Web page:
--from a command line, called one-liner, that means you type and execute immediately on the command line. You'll need the -e option to start like "C:\ %gt perl -e "print \"Hello\";". One-liner doesn't mean one Perl statement. One-liner may contain many statements in one line.
--from a script file, called Perl program.

Why should I use the -w argument with my Perl programs?
Many Perl developers use the -w option of the interpreter, especially during the development stages of an application. This warning option turns on many warning messages that can help you understand and debug your applications.
To use this option on Unix systems, just include it on the first line of the program, like this:
#!/usr/bin/perl -w
If you develop Perl apps on a DOS/Windows computer, and you're creating a program named myApp.pl, you can turn on the warning messages when you run your program like this:
perl -w myApp.pl

How to read from a pipeline with Perl
Example 1:

To run the date command from a Perl program, and read the output
of the command, all you need are a few lines of code like this:

open(DATE, "date|");
$theDate = <DATE>;

The open() function runs the external date command, then opens
a file handle DATE to the output of the date command.

Next, the output of the date command is read into
the variable $theDate through the file handle DATE.

Example 2:

The following code runs the "ps -f" command, and reads the output:

open(PS_F, "ps -f|");
while (<PS_F>) {
($uid,$pid,$ppid,$restOfLine) = split;
# do whatever I want with the variables here ...

How do you find the length of an array?

How do I read command-line arguments with Perl?

With Perl, command-line arguments are stored in the array named @ARGV.
$ARGV[0] contains the first argument, $ARGV[1] contains the second argument, etc.
$#ARGV is the subscript of the last element of the @ARGV array, so the number of arguments on the command line is $#ARGV + 1.
Here's a simple program:

$numArgs = $#ARGV + 1;
print "thanks, you gave me $numArgs command-line arguments.\n";
foreach $argnum (0 .. $#ARGV) {
print "$ARGV[$argnum]\n";

How many ways can we express string in Perl?
Many. For example 'this is a string' can be expressed in:
"this is a string"
qq/this is a string like double-quoted string/
qq^this is a string like double-quoted string^
q/this is a string/
q&this is a string&
q(this is a string)

Use and Require

Both the Use and Require statements are used while importing modules.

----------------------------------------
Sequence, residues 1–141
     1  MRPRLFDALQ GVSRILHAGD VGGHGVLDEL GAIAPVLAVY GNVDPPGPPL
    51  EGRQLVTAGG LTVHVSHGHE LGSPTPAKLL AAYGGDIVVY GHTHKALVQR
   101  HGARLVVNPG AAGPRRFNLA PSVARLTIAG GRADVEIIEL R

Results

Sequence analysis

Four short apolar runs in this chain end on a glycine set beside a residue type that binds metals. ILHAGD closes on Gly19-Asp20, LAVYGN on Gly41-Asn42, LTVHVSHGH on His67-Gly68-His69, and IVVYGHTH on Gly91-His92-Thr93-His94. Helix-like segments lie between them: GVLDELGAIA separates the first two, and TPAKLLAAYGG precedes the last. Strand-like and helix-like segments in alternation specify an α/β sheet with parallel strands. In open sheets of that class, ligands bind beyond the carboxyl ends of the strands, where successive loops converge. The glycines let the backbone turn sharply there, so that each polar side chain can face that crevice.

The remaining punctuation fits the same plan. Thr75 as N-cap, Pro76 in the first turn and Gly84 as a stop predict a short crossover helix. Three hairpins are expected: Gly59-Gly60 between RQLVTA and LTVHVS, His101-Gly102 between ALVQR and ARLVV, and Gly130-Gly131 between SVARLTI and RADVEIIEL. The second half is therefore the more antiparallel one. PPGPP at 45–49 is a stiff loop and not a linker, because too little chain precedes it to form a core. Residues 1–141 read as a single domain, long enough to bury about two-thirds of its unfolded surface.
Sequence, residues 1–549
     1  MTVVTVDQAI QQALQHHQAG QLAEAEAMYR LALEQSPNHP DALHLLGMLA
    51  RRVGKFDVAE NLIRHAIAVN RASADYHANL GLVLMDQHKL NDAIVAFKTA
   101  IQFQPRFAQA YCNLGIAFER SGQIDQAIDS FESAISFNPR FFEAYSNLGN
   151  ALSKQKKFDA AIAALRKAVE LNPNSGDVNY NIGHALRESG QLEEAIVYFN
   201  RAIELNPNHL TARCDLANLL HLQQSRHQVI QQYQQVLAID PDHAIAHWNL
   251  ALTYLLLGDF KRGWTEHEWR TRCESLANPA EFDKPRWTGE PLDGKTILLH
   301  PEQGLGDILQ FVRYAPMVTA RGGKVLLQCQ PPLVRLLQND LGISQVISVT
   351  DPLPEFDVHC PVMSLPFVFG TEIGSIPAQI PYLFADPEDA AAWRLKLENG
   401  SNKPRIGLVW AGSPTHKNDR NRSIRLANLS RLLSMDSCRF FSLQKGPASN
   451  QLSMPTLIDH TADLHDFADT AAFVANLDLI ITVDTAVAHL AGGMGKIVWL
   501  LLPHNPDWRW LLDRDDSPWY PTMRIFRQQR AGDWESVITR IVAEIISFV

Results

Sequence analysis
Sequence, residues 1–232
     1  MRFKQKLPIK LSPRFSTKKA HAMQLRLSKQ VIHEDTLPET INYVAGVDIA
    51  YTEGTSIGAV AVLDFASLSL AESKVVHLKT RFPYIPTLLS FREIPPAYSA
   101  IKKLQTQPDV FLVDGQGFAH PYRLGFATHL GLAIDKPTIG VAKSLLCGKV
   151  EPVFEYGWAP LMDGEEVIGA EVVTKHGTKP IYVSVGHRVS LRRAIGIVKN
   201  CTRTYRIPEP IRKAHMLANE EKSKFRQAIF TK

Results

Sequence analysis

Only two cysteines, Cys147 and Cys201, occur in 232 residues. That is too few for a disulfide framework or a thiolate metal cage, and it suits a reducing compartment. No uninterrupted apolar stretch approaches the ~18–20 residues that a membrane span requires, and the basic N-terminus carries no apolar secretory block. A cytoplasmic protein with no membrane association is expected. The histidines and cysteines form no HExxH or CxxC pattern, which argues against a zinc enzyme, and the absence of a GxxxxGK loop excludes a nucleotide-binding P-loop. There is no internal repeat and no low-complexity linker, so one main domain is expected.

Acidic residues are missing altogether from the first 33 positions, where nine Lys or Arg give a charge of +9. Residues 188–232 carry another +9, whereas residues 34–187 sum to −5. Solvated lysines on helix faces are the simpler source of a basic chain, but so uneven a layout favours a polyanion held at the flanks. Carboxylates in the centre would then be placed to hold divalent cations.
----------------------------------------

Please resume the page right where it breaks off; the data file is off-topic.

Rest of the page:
A require statement imports functions only within their packages. The use statement imports functions with a global scope so that their functions and objects can be accessed directly.

Eg. Require module;
Var = module::method(); //method called with the module reference

Eg: use module;
Var = method(); //method can be called directly

-Use statements are interpreted and are executed during the parsing whereas the require statements are executed during run time thereby supporting dynamic selection of modules.

My and Local

A variable declared with the My statement is scoped within the current block. The variable and its value goes out of scope outside the block whereas a local statement is used to temporarily assign a value to the global variable inside the block. The variable used with local statement still has global accessibility but the value lasts only as long as the control is inside the block.

For and Foreach

The for statement has an initialization, condition check and increment expressions in its body and is used for general iterations performing operations involving a loop. The foreach statement is particularly used to iterate through arrays and runs for the length of the array.

Exec and System

Exec command is used to execute a system command directly which does not return to the calling script unless if the command specified does not exist and System command is used to run a subcommand as part of a Perl script.

i.e The exec command stops the execution of the current process and starts the execution of the new process and does not return back to the stopped process. But the system command, holds the execution of the current process, forks a new process and continues with the execution of the command specified and returns back to the process on hold to continue execution.